Nathanson, Charles and Ian Dew-Becker. 2017. Directed Attention and Non-Parametric Learning.
Dew-Becker, Ian. 2016. The pricing of economic risks under time-separable and recursive preferences.
Dew-Becker, Ian, David Berger and Stefano Giglio. 2017. Uncertainty shocks as second-moment news shocks.
Dew-Becker, Ian. 2014. A Model of Time-Varying Risk Premia with Habits and Production.
Conference Proceedings
Dew-Becker, Ian. 2009. "How Much Sunlight Does it Take to Disinfect a Boardroom? A Short History of Executive Compensation Regulation in America." vol. 55.

Print Teaching
Teaching Interests
Full-Time / Evening & Weekend MBA
Investments (FINC-460-0)

This course aims at developing key concepts in investment theory from the perspective of a portfolio manager rather than an individual investor. The goal of this class is to provide students with a structure for thinking about investment theory and show how to address practical investment problems in a systematic manner. Instead of focusing on pure theoretical models, the emphasis is given on the empirical facts observed in asset prices in worldwide capital markets, understanding whether they manifest new dimension of systematic risk, and how to design smart portfolios to take advantage of multiple sources of systematic risk.

Topics Include:

- Capital allocation and optimal portfolio selection
- Diversification, risk, and various models linking risks with returns (such as: the CAPM, the Fama-French 3-Factor Model ("value" and "size" investing), "momentum investing" and the Carhart's 4-Factor Model, and Ross' multifactor APT to account for multiple sources of systematic risk)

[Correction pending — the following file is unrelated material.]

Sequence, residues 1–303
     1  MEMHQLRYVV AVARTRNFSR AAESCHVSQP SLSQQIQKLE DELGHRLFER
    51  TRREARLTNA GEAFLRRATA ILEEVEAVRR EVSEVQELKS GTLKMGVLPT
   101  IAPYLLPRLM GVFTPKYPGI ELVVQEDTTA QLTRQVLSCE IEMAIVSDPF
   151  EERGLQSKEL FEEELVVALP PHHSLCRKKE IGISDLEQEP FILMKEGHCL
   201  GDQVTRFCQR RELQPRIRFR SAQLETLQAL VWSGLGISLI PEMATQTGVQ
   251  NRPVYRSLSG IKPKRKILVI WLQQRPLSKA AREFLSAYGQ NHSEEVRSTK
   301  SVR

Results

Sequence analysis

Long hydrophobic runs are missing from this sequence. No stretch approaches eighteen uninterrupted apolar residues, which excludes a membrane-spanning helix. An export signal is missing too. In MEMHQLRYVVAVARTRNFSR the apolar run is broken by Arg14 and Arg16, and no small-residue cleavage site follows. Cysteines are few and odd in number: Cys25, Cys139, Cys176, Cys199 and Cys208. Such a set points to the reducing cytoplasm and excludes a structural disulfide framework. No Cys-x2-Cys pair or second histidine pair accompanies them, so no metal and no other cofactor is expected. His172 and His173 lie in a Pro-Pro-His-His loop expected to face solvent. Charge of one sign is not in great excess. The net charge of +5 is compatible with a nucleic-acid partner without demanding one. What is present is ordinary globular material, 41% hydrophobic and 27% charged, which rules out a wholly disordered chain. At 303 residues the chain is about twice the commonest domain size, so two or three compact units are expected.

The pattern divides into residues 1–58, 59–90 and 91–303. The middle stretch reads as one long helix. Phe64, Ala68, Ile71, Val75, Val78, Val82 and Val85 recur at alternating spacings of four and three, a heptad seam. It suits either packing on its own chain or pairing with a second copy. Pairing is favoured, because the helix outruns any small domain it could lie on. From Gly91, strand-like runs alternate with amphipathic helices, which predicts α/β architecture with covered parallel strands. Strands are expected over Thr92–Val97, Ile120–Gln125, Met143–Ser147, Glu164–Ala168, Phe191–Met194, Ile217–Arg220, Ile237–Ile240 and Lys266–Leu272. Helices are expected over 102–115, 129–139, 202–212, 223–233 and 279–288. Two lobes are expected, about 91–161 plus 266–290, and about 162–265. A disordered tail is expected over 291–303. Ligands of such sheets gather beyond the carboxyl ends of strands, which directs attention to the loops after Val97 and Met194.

- Risk-adjusted returns, measures of fund performance, and various trading strategies used by Hedge Funds
- Market efficiency (including empirical anomalies and behavioral finance)

Other Topics (Time Permitting):

- Impact of borrowing constraint and transaction costs and illiquidity
- Risk management issues (such as portfolio insurance)
- Bond valuation and the term structure of interest rates
- The Black-Scholes/Merton option pricing model

Students interested in this course are expected to have sound knowledge of Statistics and Regression Analysis. This is a quantitative course in which we discuss many cases, but case studies will require ability to do statistical analysis similar to what might be applied in practice. The course develops an applied analytical framework of financial investments.

Capital Markets (FINC-950-0)
This course develops the key concepts necessary to understand financial markets using, where possible, the perspective of personal investing. Personal investing topics covered include: Retirement planning, the cost of investing in mutual funds, how to select bond mutual funds, and how to measure mutual fund performance.

This class provides students with a structure for thinking about financial markets and the pricing of financial securities. The financial securities we study and price include stocks, bonds, futures, and options.

The class teaches how to address investment problems in a systematic manner using case studies. They are used to examine issues in the selection and implementation of investment strategies. In the process, the class examines current academic work about financial markets and their applications to investing.